Cloudspotter makes waves at Royal Society

17 November 2011

Gavin Pretor-Pinney’s The Wavewatcher’s Companion has won the 2011 Royal Society Winton Prize for Science Books.

The winning book was announced at the Royal Society on Thursday 17 November 2011.

In The Wavewatcher’s Companion, Gavin Pretor-Pinney, founder of the Cloud Appreciation Society, takes time out from cloudspotting to explain what waves are and explore how they appear everywhere around us.

Gavin Pretor-Pinney said: “I’m really grateful to the jury, Royal Society and Winton Capital Management.  What interests me in science is that it follows from being curious about the world around us.  I hope my book motivates others to be curious too!”

Sir Paul Nurse, President of the Royal Society, presented the £10,000 prize to Gavin Pretor-Pinney at an award ceremony held at the Royal Society.  The Wavewatcher’s Companion triumphed over other strong contenders in the shortlist, including Guy Deutscher’s Through the Language Glass and Alex Bellos’s Alex’s Adventures in Numberland to win the prestigious award for science writing.

Richard Holmes, Chair of the judges, said: “Popular science is an increasingly important genre, and this is an increasingly important prize.  At the heart of the scientific enterprise is a desire to explore our world, and to understand it better.  The Wavewatcher’s Companion used relatively straight-forward science to transform our perspective on the world around us, both visible and invisible, in a completely radical way.  From Mexican waves to electro-magnetic waves, it gave us a new delight and fascination in our immediate surroundings. We were inspired to see waves everywhere, and we were given an almost poetic vision of a dynamic universe.  It is a book of old-fashioned charm and wit, provocatively organized and illustrated, and marvellously deft with its presentation of hard modern science.  In short, it is a delightful winner.”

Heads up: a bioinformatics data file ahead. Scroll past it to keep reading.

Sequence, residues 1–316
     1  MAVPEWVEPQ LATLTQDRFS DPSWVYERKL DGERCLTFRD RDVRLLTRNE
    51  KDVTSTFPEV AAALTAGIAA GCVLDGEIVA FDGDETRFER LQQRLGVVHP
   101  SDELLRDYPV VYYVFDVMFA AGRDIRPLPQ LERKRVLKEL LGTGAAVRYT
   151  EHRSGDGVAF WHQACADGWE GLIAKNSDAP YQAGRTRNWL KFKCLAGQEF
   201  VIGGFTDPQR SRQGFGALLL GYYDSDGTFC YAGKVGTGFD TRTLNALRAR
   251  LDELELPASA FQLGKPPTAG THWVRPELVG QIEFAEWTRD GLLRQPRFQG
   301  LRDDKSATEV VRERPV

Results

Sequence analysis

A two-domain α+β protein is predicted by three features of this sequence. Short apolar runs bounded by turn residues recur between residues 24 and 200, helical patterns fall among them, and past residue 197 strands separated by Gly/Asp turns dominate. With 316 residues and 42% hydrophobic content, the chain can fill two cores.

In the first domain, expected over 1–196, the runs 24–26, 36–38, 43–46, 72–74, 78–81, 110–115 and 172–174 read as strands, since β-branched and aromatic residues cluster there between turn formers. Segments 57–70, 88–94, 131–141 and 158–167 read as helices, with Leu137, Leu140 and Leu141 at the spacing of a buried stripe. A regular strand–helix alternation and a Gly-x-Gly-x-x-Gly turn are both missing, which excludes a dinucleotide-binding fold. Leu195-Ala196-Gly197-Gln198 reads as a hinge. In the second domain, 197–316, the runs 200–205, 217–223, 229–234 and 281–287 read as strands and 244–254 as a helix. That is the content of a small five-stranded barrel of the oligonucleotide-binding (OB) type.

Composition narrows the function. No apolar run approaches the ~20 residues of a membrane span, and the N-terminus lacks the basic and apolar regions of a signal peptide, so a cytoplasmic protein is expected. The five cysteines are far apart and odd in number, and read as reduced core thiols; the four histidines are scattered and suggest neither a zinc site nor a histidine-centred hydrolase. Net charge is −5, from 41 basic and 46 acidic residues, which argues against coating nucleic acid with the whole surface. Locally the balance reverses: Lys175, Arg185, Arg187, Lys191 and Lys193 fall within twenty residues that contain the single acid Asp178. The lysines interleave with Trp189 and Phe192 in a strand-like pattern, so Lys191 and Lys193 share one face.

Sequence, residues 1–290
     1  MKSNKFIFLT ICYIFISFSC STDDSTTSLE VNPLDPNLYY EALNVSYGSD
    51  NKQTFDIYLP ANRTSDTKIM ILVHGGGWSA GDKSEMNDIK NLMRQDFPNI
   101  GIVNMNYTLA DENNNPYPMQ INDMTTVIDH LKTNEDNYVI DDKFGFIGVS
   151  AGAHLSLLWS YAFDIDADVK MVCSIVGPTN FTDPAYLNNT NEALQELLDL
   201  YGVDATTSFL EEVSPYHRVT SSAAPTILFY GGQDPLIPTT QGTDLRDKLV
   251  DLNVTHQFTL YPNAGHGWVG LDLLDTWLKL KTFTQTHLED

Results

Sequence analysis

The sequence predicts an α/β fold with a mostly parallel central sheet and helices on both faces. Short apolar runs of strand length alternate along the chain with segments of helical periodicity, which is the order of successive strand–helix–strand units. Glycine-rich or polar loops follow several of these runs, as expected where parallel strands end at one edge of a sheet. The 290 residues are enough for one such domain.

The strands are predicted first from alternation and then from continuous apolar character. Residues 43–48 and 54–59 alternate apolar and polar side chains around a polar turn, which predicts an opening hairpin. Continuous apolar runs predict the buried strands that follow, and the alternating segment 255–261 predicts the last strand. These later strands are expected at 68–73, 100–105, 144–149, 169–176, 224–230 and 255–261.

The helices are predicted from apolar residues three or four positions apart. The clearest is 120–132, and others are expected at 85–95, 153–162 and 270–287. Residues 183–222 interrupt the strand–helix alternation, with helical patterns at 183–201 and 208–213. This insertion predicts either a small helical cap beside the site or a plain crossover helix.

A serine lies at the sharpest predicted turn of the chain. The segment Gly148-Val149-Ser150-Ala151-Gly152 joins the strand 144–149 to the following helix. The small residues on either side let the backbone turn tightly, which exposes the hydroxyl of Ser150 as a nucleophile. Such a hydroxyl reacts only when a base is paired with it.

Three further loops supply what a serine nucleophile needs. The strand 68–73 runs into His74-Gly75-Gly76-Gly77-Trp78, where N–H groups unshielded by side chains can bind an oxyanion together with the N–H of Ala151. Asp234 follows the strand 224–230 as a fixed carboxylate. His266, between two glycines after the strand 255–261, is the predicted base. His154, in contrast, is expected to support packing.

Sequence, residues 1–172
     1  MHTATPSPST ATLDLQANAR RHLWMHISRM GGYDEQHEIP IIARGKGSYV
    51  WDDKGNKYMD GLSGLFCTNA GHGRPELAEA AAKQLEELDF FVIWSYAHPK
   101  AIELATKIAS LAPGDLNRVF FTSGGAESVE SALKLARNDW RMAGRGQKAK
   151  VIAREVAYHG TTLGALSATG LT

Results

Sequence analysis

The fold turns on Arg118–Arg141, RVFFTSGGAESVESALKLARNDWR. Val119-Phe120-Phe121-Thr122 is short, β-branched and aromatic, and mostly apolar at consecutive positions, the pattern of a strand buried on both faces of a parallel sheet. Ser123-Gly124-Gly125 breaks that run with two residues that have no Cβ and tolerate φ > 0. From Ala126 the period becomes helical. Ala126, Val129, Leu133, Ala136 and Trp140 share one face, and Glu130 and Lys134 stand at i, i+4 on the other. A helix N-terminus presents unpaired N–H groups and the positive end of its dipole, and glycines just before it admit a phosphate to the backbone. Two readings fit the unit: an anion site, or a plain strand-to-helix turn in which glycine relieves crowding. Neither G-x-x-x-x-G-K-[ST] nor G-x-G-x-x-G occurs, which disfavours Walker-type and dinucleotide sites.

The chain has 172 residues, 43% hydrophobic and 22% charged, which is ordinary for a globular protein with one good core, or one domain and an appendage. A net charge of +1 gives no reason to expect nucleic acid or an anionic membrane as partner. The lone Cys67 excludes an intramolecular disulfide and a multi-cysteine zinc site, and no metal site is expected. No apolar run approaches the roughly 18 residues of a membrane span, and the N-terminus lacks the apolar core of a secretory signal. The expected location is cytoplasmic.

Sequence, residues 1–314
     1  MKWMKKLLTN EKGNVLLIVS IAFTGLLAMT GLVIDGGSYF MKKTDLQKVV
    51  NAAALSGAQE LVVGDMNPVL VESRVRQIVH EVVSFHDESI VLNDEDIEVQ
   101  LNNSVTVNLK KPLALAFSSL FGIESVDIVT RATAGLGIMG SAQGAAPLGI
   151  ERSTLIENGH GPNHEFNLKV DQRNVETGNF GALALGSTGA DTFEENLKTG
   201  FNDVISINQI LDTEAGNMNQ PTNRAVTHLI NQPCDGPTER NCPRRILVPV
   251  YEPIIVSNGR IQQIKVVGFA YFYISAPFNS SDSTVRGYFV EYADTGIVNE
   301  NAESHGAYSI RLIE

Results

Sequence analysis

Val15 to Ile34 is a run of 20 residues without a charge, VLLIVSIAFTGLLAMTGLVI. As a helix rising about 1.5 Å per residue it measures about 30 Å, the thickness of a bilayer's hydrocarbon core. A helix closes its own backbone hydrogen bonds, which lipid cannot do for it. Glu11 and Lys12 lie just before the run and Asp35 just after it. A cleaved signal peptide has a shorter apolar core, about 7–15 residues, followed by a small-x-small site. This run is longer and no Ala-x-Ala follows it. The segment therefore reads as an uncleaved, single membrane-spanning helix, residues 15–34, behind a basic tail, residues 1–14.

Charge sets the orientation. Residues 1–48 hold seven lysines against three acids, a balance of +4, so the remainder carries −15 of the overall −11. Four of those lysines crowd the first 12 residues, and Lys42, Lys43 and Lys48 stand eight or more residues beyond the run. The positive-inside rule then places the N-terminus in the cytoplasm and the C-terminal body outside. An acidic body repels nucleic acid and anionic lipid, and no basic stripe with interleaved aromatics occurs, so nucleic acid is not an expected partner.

The six books shortlisted were:

Alex’s Adventures in Numberland by Alex Bellos (Bloomsbury)
Through the Language Glass: How Words Colour Your World by Guy Deutscher (William Heinemann)
The Disappearing Spoon by Sam Kean (Doubleday)
The Wavewatcher’s Companion by Gavin Pretor-Pinney (Bloomsbury)
Massive: The Missing Particle That Sparked the Greatest Hunt in Science by Ian Sample (Basic Books)
The Rough Guide to The Future by Jon Turney (Rough Guides)

The authors of each shortlisted book were awarded £1000.

Sponsorship for this year’s award was provided by global investment management company Winton Capital Management, as part of a five year sponsorship deal for the prize.

David Harding, Founder of Winton Capital Management said: “I am delighted that The Wavewatcher’s Companion is the first winner of the Royal Society Winton Prize for Science Books . Books that can explain the complexities and wonders  of science in a concise readable way are incredibly important and I am already looking forward to reading next year’s shortlist.”